Having said that, you’re probably asking how this book differs from the other genealogy books you see in the bookshops. We believe this book has three crucial differences. First, many genealogy books are out-of-date: They discuss only the traditional methods of genealogical research and get you travelling hundreds of miles to visit archives, graveyards and ancestral homes and then using a good old typewriter to summarise your results. These books neglect the growing wealth of online resources that save you a great deal of time, money and trouble, whereas this book brings you bang up to date. Second, other books that do cover online genealogy tend to group resources by how genealogists access them – for example, listing all websites, chat rooms and so on together. This approach is fine, but it doesn’t show you how to integrate the many Internet resources to achieve your genealogical goals and to build up a rounded picture of the identities, lives and times of your ancestors. As genealogists, we understand that researchers don’t operate by searching all of one type of resource, then all of another and so on. When we seek a certain piece of information, we use many resources at once – websites, email, newsgroups or whatever’s available. This book helps you to take this more open approach. Third, few genealogy books tell you how to actually use the resources on the Internet. Often they list resources and where to find them, but rarely do they guide you through. We do the opposite: we don’t go into detail about every resource that we mention, but we discuss the major tools in great, but simple, detail, so you can use them properly and to your best advantage.

We’ve tried to avoid the mistakes that we think appear in some online genealogy books. We’ve taken care not to become bogged down in computer-heavy detail at the expense of the broader picture. Our focus is on genealogy rather than computer technology or the obsessive ins and outs of the Internet and its resources – although we do assume a familiarity with basic computer technology. Neither do we pretend that everything you need during the course of your research is available online. We’ve tried to achieve a balance, and we hope this book helps you make the most of what’s available without leading you down false avenues or creating false expectations. We tell it as it is.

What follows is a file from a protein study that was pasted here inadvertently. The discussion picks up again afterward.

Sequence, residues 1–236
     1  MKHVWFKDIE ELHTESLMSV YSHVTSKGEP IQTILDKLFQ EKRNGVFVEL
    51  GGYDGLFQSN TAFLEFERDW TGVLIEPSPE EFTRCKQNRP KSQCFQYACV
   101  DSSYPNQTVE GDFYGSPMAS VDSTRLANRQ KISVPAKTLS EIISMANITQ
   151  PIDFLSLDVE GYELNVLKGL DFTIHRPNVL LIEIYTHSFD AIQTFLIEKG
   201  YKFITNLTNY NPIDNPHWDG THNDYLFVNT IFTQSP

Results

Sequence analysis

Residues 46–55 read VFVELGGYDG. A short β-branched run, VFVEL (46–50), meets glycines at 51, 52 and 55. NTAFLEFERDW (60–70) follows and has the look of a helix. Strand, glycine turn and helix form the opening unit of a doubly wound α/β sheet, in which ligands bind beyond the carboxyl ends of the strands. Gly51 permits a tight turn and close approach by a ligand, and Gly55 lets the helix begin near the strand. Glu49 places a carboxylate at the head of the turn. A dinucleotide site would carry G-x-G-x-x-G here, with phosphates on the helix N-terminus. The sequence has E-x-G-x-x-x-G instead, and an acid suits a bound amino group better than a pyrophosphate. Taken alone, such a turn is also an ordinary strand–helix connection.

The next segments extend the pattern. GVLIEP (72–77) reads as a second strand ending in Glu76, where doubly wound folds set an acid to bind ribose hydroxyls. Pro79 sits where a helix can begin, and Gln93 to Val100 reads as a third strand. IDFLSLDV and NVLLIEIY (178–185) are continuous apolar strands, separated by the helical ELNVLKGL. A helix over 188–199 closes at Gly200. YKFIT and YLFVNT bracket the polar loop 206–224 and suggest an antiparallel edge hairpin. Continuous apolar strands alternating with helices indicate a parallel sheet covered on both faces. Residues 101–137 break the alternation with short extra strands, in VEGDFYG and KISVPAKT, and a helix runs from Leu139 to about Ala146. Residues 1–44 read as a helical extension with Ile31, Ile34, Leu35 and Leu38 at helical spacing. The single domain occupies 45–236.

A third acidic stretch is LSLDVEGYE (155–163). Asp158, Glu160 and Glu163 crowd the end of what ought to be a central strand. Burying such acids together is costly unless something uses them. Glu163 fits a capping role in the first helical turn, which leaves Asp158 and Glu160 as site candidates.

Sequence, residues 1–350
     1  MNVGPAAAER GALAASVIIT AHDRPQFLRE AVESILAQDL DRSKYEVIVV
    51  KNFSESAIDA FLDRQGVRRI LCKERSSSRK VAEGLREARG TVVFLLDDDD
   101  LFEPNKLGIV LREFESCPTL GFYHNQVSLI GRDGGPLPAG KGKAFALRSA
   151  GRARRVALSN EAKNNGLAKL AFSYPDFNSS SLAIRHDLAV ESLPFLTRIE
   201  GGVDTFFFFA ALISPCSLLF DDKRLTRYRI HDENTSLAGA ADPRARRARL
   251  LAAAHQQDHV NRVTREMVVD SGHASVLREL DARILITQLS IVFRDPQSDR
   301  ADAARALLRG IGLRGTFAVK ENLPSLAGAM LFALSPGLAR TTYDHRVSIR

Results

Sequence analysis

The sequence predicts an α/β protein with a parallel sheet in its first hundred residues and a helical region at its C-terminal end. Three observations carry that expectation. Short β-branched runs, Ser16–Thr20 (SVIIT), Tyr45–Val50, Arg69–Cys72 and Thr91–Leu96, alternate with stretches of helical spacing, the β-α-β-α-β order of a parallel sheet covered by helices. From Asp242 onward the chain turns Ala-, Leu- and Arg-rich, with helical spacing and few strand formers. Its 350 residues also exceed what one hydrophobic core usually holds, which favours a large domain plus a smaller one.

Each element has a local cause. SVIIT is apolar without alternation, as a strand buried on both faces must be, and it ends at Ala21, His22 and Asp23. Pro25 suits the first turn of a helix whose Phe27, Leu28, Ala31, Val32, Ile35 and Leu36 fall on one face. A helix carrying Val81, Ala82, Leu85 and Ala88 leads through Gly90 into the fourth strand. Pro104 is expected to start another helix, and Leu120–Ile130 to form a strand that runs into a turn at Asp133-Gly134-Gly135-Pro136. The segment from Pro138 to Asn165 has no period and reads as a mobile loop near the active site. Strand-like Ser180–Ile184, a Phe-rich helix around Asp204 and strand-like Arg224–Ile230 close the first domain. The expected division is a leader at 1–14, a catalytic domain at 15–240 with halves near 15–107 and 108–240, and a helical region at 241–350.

Finally, we’d like to induct you into the world of genealogy. Hold your head up high and say in a loud clear voice, ‘I declare myself to be an official genealogist!’ And there you have it. You can even call in witnesses if it helps you to play your part. Whatever you choose, we emphasise that you don’t need any formal qualifications to call yourself a genealogist: you don’t need a degree or a diploma. You don’t have to know all the kings of England or name the Scottish Clans. And you don’t have to memorise the contents of this book to prove yourself to your genealogically minded friends. You simply need an interest in your ancestry and a willingness to devote lots of spare time to gathering information to illustrate it.

Foolish Assumptions

In writing and updating this book, we made a few assumptions. If you fit one or more of the following assumptions, this book’s for you:

check.png You’ve done at least a little genealogy groundwork, and now you’re ready to use the Internet to pursue and prepare yourself for your genealogy research both online and offline.

check.png You may have carried out research years ago without using the Internet and the online census indexes now available. Using the information in this book you hope to find the ancestor that eluded you all those years ago and take your research further than you previously thought possible.

check.png You have at least a little computer experience, are now interested in pursuing your family tree, and want to know where and how to start.

check.png You have a little experience in genealogy and some experience with computers, but you want to learn how to put them together.

Of course, you can have a lot of computer experience and be a novice to genealogy or online genealogy and still benefit from this book. In this case, you may still find it useful to read some of the basic sections on computers and the Internet in case you find an alternative to use.

How to Use This Book